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Published: Oct 06, 2016 3 min read
Hurricane Matthew Bears Down On Atlantic Coast Of Florida
A storefront is barricaded with sandbags in Daytona Beach, Florida.
Drew Angerer—Getty Images

As Hurricane Matthew threatens to throw the East Coast into disarray, several coastal counties have already issued mandatory evacuation orders.

For the estimated 2 million people from Florida to South Carolina that the orders apply to, that's not going to be an easy endeavor. Or a cheap one. For starters, there's transportation expenditures—the plane and bus tickets and gasoline that enable a safe getaway. For those who aren't lucky enough to have family or friends within driving distance, hotel costs are an additional factor.

Data on the costs of hurricane evacuation is sparse—costs fluctuate by distance traveled—but a widely-circulated study from 2003 estimates that the aggregate evacuation costs to individuals in coastal counties range from $1 million to $50 million depending on storm intensity and emergency management policy (the study used data from North Carolina residents who experienced Hurricane Bonnie in 1998).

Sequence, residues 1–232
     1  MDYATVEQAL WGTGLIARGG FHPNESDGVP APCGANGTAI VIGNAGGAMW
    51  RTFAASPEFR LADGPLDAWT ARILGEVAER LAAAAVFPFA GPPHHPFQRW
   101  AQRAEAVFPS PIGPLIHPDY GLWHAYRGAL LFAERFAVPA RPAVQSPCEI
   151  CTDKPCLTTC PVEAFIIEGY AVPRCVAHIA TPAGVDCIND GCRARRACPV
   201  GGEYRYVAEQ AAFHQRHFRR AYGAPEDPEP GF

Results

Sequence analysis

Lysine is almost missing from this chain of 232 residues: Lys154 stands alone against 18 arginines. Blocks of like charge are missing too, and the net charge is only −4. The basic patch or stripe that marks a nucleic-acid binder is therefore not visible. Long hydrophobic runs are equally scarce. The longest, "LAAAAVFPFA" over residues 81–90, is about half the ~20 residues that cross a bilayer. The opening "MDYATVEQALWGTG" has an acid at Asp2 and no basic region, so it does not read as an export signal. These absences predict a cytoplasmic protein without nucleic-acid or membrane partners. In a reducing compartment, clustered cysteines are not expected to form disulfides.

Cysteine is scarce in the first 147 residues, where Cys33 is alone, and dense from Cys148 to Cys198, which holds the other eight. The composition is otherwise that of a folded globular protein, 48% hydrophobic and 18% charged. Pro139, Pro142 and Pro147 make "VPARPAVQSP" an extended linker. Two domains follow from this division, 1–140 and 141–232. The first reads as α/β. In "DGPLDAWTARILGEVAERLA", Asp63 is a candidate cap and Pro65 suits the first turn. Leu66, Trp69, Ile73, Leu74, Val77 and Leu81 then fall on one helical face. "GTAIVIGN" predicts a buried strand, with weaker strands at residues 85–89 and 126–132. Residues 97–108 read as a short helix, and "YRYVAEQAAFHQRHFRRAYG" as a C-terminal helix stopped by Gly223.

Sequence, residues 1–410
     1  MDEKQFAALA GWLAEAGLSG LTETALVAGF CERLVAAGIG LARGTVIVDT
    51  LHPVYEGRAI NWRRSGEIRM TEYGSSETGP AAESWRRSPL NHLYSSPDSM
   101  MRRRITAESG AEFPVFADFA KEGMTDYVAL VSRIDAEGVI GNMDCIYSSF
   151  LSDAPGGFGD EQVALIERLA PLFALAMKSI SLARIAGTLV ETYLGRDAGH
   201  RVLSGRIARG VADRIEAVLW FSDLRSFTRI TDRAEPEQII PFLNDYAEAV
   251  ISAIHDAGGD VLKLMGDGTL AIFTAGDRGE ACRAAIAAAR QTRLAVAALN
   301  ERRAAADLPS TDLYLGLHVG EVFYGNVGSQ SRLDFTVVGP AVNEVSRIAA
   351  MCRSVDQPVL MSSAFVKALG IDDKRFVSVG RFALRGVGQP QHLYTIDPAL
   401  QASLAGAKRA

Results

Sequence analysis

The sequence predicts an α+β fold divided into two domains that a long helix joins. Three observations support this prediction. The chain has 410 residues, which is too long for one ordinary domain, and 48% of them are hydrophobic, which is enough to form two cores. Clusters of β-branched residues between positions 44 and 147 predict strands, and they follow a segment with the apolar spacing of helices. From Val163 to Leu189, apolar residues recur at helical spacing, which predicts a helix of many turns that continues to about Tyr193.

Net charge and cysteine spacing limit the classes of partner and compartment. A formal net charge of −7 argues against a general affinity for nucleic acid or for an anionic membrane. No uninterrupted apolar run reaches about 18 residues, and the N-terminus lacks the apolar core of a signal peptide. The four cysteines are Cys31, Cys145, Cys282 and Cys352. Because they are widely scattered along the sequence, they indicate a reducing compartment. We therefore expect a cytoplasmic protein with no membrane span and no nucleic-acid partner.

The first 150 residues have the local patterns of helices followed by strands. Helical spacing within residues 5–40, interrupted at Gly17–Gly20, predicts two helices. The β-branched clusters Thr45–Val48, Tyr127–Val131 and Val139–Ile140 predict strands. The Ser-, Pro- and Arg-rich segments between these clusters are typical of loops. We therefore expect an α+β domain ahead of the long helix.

For those in hurricane-threatened zones who aren't facing evacuation, preparation brings a different set of costs—door and window sealing, generator purchases, and more. Fully locking down your home could cost $4,000 or more, CBS News estimates. And then there's flood insurance. Following Hurricane Sandy, the cost of insurance skyrocketed—between 2003 and 2013, the average premium climbed 69%, to more than $1,000 a year. (Note: If you're in hurricane zone and are staying put, these are the essential items you'll need.)


As the hurricane approaches more population centers, a handful of people have stepped up to help defray some of the costs. Airbnb is reportedly connecting those fleeing the storm with free places to stay in other parts of Florida and South Carolina. A search of the company's Disaster Response Tool late Thursday afternoon showed about 25 properties in central Florida offering free rooms.

But for millions of Americans, unfortunately, the financial consequences of the impending storm loom as large as the physical and emotional ones do.